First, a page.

Ehrenreich’s quixotic diary is closely in conversation with the Jewish philosopher Walter Benjamin’s “Theses on the Philosophy of History,” which conceives of history not as the progressive unfolding of enlightenment imagined by his predecessor G.W.F. Hegel, but as a single ongoing catastrophe. Ehrenreich adopts Benjamin’s understanding of time under capitalism as the homogeneous and empty temporality of clocks—a steady, unending tick, tick, tick. This metronome of progress is a form of time that favors continuity, plodding forward without interruption or delay. Benjamin argued that we need to shatter this experience of time and replace it with the time of the messiah or the revolution, in which each moment trembles with the possibility of redemption. To reconceive time after Benjamin’s model, Ehrenreich turns to Native American and ancient Greek writings. He embraces the apocalypticism he finds there, which foregrounds the perpetual imminence of rupture—a reminder that, as Ehrenreich writes, “apocalypse is always with us,” a testament to “the fragile web of life.” He immerses himself in their worlds, coming closer, in his view, to messianic time. At the end of the book, he imagines “what we call civilization,” in all its “brutal, gleaming, plasticized absurdity,” fading like a dream upon waking.
Ehrenreich’s emphasis on Native alternatives to progress is salutary. But he valorizes these models without engaging with them critically. As a result, his admiration sometimes slips into sanctimonious affection for the ethnic Other, which correlates with arch, self-abasing expressions of white guilt: He confesses the complicity of his blue eyes; he describes the biological warfare of the early genocides of the Americas as “a good trick, really.” These mirrored gestures of praise and cynical self-castigation ultimately serve as ways to evade the basic questions of agency and salvation at the heart of his book—problems he inherits from Benjamin, who never overcame them. The philosopher’s apocalyptic messianism seductively promises that any day now we might take hold of the past’s failed revolutions and see them through, remaking the world in the light of redemption. But, because the fantasy of salvation is inextricably bound up with messianism—that is, with the arrival of some transcendent rupture—how can we avoid slipping into fatalism? And how can such a framework, even if it claims to divest itself of divinity, facilitate the inevitably interminable work of reproducing human community, rather than keep us simply dreaming of a post-historical paradise? These questions stand in the way of apocalyptic thinking’s triumph over the insufficiency of progress, and despite his searching efforts, Ehrenreich—like Gabbert—fails to see the dead end toward which he’s driving. Their attempts leave me wondering: How can we find transformation latent in the now, a way out of neoliberal forms of life, without immediately experiencing them in the light of utopia?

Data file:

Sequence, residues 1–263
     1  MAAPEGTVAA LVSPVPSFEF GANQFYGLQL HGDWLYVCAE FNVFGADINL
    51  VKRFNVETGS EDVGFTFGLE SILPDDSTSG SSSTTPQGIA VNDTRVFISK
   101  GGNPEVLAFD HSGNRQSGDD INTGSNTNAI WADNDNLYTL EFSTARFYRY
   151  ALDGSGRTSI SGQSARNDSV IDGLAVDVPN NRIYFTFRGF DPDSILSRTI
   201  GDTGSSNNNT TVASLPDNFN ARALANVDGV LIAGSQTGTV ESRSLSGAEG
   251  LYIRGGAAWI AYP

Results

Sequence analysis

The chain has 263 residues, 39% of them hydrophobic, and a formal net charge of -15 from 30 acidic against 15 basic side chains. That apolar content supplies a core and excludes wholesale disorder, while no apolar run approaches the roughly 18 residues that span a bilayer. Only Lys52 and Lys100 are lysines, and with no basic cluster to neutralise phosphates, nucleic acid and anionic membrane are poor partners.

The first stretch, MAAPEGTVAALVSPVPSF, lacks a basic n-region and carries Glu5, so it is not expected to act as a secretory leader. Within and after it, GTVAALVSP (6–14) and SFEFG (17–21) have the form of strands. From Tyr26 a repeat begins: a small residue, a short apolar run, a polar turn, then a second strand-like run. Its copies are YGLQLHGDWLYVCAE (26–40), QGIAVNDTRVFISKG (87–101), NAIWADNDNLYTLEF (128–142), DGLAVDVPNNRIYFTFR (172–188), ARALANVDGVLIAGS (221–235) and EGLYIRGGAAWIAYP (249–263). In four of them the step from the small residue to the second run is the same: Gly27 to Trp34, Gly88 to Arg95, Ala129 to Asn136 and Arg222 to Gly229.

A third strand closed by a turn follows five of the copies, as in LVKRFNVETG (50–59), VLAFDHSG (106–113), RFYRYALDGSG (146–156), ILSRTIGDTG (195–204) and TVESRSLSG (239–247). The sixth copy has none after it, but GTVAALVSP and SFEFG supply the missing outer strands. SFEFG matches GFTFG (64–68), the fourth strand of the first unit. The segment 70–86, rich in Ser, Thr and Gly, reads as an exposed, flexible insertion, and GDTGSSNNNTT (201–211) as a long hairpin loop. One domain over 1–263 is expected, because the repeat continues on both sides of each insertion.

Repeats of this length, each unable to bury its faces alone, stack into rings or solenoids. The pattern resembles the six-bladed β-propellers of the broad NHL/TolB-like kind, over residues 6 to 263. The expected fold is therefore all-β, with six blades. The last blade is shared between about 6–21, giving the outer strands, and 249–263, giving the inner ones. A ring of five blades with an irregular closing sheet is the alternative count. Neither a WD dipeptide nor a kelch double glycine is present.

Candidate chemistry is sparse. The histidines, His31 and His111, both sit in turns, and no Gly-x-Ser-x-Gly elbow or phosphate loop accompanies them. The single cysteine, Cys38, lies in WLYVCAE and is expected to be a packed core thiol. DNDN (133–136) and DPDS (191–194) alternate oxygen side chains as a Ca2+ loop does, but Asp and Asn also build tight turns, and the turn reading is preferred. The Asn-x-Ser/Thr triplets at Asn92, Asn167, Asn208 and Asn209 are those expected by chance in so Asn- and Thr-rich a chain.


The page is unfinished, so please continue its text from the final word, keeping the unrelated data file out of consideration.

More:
In her book Infrastructures of Apocalypse, scholar Jessica Hurley searches for a way. In this work of literary criticism, Hurley considers writers, largely working in a decolonial tradition, who have imagined forms of escape without salvation. Like Ehrenreich, Hurley turns to Benjamin’s messianism to think about the limits of progress, but unlike him, she gently rejects the philosopher’s “triumphal” theory of redeemed time. She sees a different vision in the work of writers such as Toni Cade Bambara, Samuel Delany, Leslie Marmon Silko, and Tony Kushner, who imagine unlivable futures—and in so doing, make the present livable.
Hurley devotes an early chapter to James Baldwin, who first became famous for demanding the fulfillment of the promise of an egalitarian America in his 1963 book The Fire Next Time. But Hurley demonstrates that only five years later, in his fourth novel, Tell Me How Long the Train’s Been Gone, he rejected this earlier position, imagining the nation burning in a nuclear holocaust that comes first for non-white people. He no longer believed the country could escape its self-destructive racial capitalism; as Hurley characterizes his stance, he saw that in America, “there is no future for Blackness.” By facing such futurelessness head on, Baldwin interrupts inherited narratives: not only the myth of progress, but also the myth of apocalyptic redemption. Envisioning a different sort of apocalypse—one in which the future is already foreclosed and no redemption is forthcoming—he conjures the possibility of living without attachment to an inevitably disappointing national mythos or a utopia ever in the distance. He can live, broken and finite, today. Hurley calls this narrative embrace of futurelessness transfiguration: not the canonical image of Jesus radiant in glory, but rather a reorientation that is “resolutely non-utopian, repetitive, maybe even boring or aesthetically disappointing”—a shearing away of the rote cant of human capital so that in its place the dispossessed might begin, in Baldwin’s words, “to create the principles on which a new world will be built.” Acknowledging the catastrophe of the future makes it possible to face today, enabling “a commitment to create a world in which all those destroyed things—including, sooner or later, ourselves—can be treasured.” Hurley claims “apocalypse” as the name for this transfigured life. (Whether transfiguration and apocalypse can shed their sacred skins is a question Hurley leaves unanswered.)
Hurley’s goal is at once modest and profound, to theorize “futurelessness not as an obliteration of possibility but as a place to stand, a place where we might yet construct a world in which to live.” To construct such a standpoint requires acknowledging the contingency of our time so that we can refuse this world’s exigencies toward profit and growth, and create communities oriented toward flourishing without waiting on God or revolution to arrive. This isn’t apocalypse as it’s been practiced for millennia. Apocalypse—in its traditional form—has become too easy, second nature, a way to think without thinking. It’s a trap. We are flies in its fly bottle, buzzing and banging ourselves against its translucent walls, unable to get free—and we won’t until we crawl slowly through the narrow neck and back into the open air.
Dan Sinykin is an assistant professor of English at Emory University, the author of American Literature and the Long Downturn: Neoliberal Apocalypse (Oxford UP, 2020).